Cliffhangers are tricky. They can be used as a way to invite narrative tension, like we saw at the end of “A Most Powerful Adversary”, a recent episode of The Leftovers where a character was thought to be dead. Or, they can be used in a cheap way to get people to come back next week. It’s easy to tell if they’re used in a cheap way, as the rest of the show’s narrative mechanics are tossed aside for the sake of the cliffhanger. Instead of a way to invite curiosity, it’s a way to push somebody to simply come back because the story was cut off. And, let’s face it, there are very few shows today that can pull off a cliffhanger because it’s so easy to use them poorly.
That being said, I’ll be blunt: “Start to Finish” was not a good episode of television. Aside from maybe “Now”, it was the most disappointing episode of the season to date. It took the massive build-up that the season has accomplished and largely squandered it for the sake of starting out with a “bang” next February. The zombie invasion, instead of focusing on logistics and how to escape, largely focused on a very literal commentary concerning the main theme at play: connection instead of isolation. This entire season has been about the struggle between taking a risk to find connection and embracing isolation to stay safe, and, at the very least, “Start to Finish” focuses on that theme.
There are, for the most part, two storylines at play during this episode. There’s the absolutely ridiculous Carol vs. Morgan storyline, which makes sense thematically but makes no sense logically. And there’s the Rick trying to keep the zombies out of the house storyline, which is narratively the most exciting but is muddled by deathbed speeches and ridiculous teenage angsty fighting. Carol and Morgan have been at odds throughout the season, as both have a different philosophy on how to deal with the world. I really do like the way that the show has pitted them against the other, not because it’s particularly exciting, but because both have philosophical views of the world that are rigid, yet flawed. Carol understands that killing is necessary in order to survive in the world, but she doesn’t understand that, without making yourself a little vulnerable, you’re going to end up alone in the world. Morgan, on the other hand, understands that killing leads to self-annihilation, but doesn’t understand that some level of violence is necessary to survive. The healthy worldview lies somewhere between the two, even if they can’t see it.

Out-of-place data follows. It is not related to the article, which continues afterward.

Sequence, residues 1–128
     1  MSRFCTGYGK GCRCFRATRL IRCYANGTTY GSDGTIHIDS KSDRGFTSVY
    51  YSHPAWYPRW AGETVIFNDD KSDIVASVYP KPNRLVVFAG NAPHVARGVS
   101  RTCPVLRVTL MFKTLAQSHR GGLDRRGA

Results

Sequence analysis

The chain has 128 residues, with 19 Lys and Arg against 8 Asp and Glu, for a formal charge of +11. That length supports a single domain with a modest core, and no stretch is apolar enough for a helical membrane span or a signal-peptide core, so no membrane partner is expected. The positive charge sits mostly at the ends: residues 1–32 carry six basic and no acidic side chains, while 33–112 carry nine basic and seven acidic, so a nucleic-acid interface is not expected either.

But dear lord, that fight next to the injured Wolf was absurd. Fighting over the fate of the Wolf, all during the zombie invasion (where making noise probably isn’t a good idea) was something that both Carol and Morgan are smart enough to avoid, but for some reason had to engage in for the sake of narrative tension. It’s one of those moments that feels so manufactured that it drains the stakes away and kills the immersive feel of the show. Almost more absurd is the resolution to the Ron vs. Carl issue, where Ron tries to kill Carl in the garage, only to have Rick break into the garage and pull them both out before they’re engulfed by zombies. Their squabbles never reached anything above some very basic motivations, so they always made Ron look like a bratty teenager. It’s easy to understand that Ron is reeling from the idea that his family is falling apart, but the show never tries to sell that, instead giving us some terrible line from Carl about how Ron must be mad that his dad is dead, but too bad because his dad was a jerk. It slaps the most basic motivation onto Ron without discussing just why that motivation was occurring.